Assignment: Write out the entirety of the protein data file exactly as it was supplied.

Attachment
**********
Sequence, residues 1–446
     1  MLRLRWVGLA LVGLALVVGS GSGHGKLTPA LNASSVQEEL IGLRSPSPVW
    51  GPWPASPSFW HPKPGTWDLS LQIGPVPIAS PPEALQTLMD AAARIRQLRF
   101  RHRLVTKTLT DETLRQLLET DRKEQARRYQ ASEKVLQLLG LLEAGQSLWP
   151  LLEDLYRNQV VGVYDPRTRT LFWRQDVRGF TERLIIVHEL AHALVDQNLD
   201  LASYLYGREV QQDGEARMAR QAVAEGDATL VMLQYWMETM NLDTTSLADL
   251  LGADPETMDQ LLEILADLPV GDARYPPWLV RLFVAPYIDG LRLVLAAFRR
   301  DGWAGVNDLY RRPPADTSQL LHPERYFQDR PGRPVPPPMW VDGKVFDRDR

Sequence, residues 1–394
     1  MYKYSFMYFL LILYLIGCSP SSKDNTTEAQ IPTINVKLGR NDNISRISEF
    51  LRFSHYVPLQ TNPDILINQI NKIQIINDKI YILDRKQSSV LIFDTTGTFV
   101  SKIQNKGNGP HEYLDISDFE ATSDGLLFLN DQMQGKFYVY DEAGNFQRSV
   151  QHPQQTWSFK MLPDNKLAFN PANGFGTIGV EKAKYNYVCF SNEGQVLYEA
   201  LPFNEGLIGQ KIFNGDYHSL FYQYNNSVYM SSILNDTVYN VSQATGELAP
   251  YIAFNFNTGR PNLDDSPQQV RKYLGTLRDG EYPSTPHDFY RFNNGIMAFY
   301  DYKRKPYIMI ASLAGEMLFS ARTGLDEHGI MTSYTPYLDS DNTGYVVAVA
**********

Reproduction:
Sequence, residues 1–446
     1  MLRLRWVGLA LVGLALVVGS GSGHGKLTPA LNASSVQEEL IGLRSPSPVW
    51  GPWPASPSFW HPKPGTWDLS LQIGPVPIAS PPEALQTLMD AAARIRQLRF
   101  RHRLVTKTLT DETLRQLLET DRKEQARRYQ ASEKVLQLLG LLEAGQSLWP
   151  LLEDLYRNQV VGVYDPRTRT LFWRQDVRGF TERLIIVHEL AHALVDQNLD
   201  LASYLYGREV QQDGEARMAR QAVAEGDATL VMLQYWMETM NLDTTSLADL
   251  LGADPETMDQ LLEILADLPV GDARYPPWLV RLFVAPYIDG LRLVLAAFRR
   301  DGWAGVNDLY RRPPADTSQL LHPERYFQDR PGRPVPPPMW VDGKVFDRDR

Sequence, residues 1–394
     1  MYKYSFMYFL LILYLIGCSP SSKDNTTEAQ IPTINVKLGR NDNISRISEF
    51  LRFSHYVPLQ TNPDILINQI NKIQIINDKI YILDRKQSSV LIFDTTGTFV
   101  SKIQNKGNGP HEYLDISDFE ATSDGLLFLN DQMQGKFYVY DEAGNFQRSV
   151  QHPQQTWSFK MLPDNKLAFN PANGFGTIGV EKAKYNYVCF SNEGQVLYEA
   201  LPFNEGLIGQ KIFNGDYHSL FYQYNNSVYM SSILNDTVYN VSQATGELAP
   251  YIAFNFNTGR PNLDDSPQQV RKYLGTLRDG EYPSTPHDFY RFNNGIMAFY
   301  DYKRKPYIMI ASLAGEMLFS ARTGLDEHGI MTSYTPYLDS DNTGYVVAVA